Rush Has Felt the Pressure

Brandon Rush has felt the high expectations for as long as he can remember. After all, he grew up in Kansas City in the shadow of older brothers Jaron and Kareem. Jaron was a high school basketball legend in K.C. who went to UCLA, while Kareem starred at Missouri and played five years in the NBA before being cut by Seattle in early November.

So naturally, Brandon Rush was compared to his siblings by everyone who saw him play. He was a player destined for greatness, a special talent who fans, friends, scouts, and coaches all hoped would be even better than his two brothers.

The chosen one.

After excelling at Mount Zion (N.C.) Academy in 2004-05, Rush signed with Kansas and wound up becoming the first freshman in Jayhawk history to lead his team in scoring and rebounding. The hype then exploded entering this season. He was selected as a co-preseason Big 12 Player of the Year (along with fellow sophomore Julian Wright) in October, and named an Associated Press preseason first-team All-American on Nov. 8, just three days before KU’s season opener against Northern Arizona.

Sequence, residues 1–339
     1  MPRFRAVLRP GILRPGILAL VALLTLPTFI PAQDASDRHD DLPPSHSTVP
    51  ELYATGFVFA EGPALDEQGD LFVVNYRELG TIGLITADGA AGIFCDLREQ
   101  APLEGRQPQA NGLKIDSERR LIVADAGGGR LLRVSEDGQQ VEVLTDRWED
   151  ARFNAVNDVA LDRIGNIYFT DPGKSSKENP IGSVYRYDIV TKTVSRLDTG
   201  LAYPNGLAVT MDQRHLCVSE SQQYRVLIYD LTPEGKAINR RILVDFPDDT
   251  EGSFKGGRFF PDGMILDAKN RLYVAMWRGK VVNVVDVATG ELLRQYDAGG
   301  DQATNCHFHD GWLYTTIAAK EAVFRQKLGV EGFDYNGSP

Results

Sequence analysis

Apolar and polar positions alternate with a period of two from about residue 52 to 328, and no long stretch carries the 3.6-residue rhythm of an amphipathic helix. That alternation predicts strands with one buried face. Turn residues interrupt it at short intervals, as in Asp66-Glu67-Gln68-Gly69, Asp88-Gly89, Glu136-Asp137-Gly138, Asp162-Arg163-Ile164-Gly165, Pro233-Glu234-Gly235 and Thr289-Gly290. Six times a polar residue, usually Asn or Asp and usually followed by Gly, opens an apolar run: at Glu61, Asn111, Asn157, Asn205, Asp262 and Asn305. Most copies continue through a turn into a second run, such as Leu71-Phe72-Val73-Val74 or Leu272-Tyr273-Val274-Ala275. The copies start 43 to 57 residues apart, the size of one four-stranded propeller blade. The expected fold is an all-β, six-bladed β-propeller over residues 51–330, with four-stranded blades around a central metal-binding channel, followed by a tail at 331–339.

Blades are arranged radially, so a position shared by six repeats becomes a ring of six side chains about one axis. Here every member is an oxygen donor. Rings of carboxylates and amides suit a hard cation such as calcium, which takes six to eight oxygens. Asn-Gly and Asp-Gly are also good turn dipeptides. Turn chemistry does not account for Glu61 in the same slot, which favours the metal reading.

Rush, though, has struggled to find his groove thus far. The 6-6 forward is averaging 12.3 points per game and shooting just 38.2 percent from the field and 34.1 percent from three-point land. Those numbers are down from last year, when he averaged 13.5 ppg, and shot 47.4 percent from the field and made 47.2 percent of his three-pointers.

Rush, who was held to just three points against DePaul last Saturday, followed that game shooting 3-of-14 vs. USC two days later. So, the question now begs: Has he felt the pressure of all the preseason hype?

“Yeah, I felt a little pressure from the beginning,” Rush candidly replied after the USC game. “But now it’s over, so I just got to go out and play.”

While Rush’s shooting slump is the hot topic on the minds of all Jayhawk fans, KU coach Bill Self isn’t worried.